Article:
Anderson is another guy that won’t be there at 34, but who’d be a good fit on the Knicks. I’m an unabashed Arizona Wildcat fan, so admittedly I loathe UCLA. Anderson played his best game of the season against the ‘Cats in the Pac-12 Championship, scoring 21 points, grabbing 15 boards and dishing out five assists. He was the best player on the floor in a game that featured a likely top-10 pick in Aaron Gordon and Pac-12 player of the year Nick Johnson. I was incredibly impressed, though I’d been a fan of Anderson’s long before that. He’s a throwback, an outlier in this era of smaller, quicker point guards. He won’t play point guard in the NBA, but playing it in college will help him in a league moving to a more European style of play.

You can see a scenario where he’ll end up being the next Boris Diaw: a versatile point forward that can run an offense or play a key role as secondary facilitator. The triangle offense always has use for tall dudes who can pass. The Knicks are going to be a heavy user of post-ups and Anderson would slide right in as a high-post operator. His question marks are mostly centered around his athletic ability, namely his quickness. He shot 48% from three last season, but there are also concerns about just how good of a shooter he really is. Regardless, his point forward ability would make him really useful to the Knicks. If they somehow work their way into the first round and grabbed Anderson, I’d be elated. I’m willing to overlook the fact that he went to UCLA, because I’m that good a guy.

***

Given that the Knicks had no picks until yesterday, there hasn’t been much out there about who they might be targeting. I’m going to write about some guys that, given their projected value by Draft Express, ESPN, etc, should be taken in that 30-51 range.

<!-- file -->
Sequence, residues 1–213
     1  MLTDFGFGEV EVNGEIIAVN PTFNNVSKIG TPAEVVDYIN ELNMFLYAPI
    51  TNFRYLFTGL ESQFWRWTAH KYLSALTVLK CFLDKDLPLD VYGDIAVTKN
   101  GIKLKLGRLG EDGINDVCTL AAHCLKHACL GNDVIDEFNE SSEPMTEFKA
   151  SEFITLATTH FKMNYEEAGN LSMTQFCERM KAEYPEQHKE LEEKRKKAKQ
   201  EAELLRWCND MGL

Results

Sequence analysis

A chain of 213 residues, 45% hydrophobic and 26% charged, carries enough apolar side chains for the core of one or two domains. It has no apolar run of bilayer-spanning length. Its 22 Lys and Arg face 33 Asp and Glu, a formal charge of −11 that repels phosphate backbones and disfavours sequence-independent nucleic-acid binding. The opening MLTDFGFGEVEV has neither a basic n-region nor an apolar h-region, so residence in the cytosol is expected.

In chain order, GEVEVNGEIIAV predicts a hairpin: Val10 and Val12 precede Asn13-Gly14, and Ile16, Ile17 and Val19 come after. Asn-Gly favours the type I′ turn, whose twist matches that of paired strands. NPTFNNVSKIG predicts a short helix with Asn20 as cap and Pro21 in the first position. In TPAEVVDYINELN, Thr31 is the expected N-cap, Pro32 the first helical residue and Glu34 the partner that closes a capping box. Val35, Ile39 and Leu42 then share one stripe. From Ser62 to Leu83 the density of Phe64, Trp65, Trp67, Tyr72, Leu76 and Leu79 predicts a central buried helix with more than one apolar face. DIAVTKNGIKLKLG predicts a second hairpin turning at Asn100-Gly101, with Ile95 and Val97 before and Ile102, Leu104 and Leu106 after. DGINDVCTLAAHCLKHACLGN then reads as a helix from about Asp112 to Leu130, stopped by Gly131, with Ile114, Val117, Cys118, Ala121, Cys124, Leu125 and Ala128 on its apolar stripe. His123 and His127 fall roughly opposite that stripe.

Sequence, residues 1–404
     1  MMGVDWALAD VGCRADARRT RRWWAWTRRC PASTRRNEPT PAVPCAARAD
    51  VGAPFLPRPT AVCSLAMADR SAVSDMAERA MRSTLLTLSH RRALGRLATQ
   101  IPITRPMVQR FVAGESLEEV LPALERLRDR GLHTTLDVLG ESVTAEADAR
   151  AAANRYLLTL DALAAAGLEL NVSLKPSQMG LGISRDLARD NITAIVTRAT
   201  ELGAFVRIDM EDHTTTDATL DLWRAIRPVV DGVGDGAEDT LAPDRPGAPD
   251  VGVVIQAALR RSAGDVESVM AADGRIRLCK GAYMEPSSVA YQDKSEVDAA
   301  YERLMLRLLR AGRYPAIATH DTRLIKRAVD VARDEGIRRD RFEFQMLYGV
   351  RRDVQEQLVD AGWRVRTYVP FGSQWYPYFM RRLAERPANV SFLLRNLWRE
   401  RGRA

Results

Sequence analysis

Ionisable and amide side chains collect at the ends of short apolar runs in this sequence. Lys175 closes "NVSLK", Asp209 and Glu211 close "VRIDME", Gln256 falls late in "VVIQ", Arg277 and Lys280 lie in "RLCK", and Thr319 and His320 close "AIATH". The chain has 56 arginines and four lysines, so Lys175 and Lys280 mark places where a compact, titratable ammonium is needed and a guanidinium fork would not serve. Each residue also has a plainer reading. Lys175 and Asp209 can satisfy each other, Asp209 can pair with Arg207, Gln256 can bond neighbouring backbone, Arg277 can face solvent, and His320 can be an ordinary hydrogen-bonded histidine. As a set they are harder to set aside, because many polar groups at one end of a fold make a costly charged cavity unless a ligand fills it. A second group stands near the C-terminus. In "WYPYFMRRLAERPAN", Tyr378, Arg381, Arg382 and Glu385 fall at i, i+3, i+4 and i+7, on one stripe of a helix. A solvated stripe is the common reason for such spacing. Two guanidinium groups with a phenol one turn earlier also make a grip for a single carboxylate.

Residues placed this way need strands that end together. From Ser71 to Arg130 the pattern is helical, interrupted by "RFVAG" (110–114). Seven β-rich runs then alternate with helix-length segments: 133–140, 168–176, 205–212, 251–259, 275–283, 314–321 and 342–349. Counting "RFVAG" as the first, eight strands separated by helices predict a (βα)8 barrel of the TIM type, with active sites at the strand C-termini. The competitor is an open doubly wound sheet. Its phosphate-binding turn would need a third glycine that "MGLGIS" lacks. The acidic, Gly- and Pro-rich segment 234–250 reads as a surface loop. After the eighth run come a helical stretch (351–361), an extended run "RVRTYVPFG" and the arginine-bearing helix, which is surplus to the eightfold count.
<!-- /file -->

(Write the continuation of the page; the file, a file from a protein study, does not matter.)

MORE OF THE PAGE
Patric Young, PF/C Florida 

I don’t like Patric Young for the Knicks. He’s 6’9 and a bull defensively, but he doesn’t do much on offense other than set good screens. He can’t shoot and doesn’t have much of a post-game. He’s a strong defender, but not a great rebounder. A team like the Spurs can maybe turn him into a useful player. They can use his strong screen setting skills to open up space for Ginobili or whoever to operate in the pick and roll. The triangle historically creates most pick and roll opportunities from pinch post action, but you wouldn’t really want Young operating at the elbow on the weak-side because he can’t shoot. I don’t see where he fits in offensively. Having said that, good defenders typically stick around for a few years in the league. The Knicks will be lousy next year anyways. Maybe they take a flyer on him. I like other guys more though.

Cleanthony Early, SF Wichita State

Early is intriguing to me. I don’t love him for the Knicks because I question his effectiveness playing in a half-court offense. At 6’7, he’s a tweener, which wouldn’t bother me as much on a team that played smaller lineups and ran a bunch. However, he does have some experience as a low post scorer. While he’s not advanced at it, he’s done it and has a decent face up game as well. Assuming he’s playing small forward in some healthily sized Knicks lineups, he could be a decent scorer out of the low-post against other NBA threes. He also has some playmaking abilities on defense because of his athleticism. He’s 23, which is seen as a limit on his upside. I like him as a prospect that can come in and be a contributor right away, but I’d feel better about him on the Knicks if there was a strong veteran core in place. He seems like a good Spurs pick to me (although I guess everybody is. Seriously, if the Spurs drafted you or me, everyone would still say something to the effect of, “Oh that crafty Pop/RC! Always thinking outside the box!” etc.).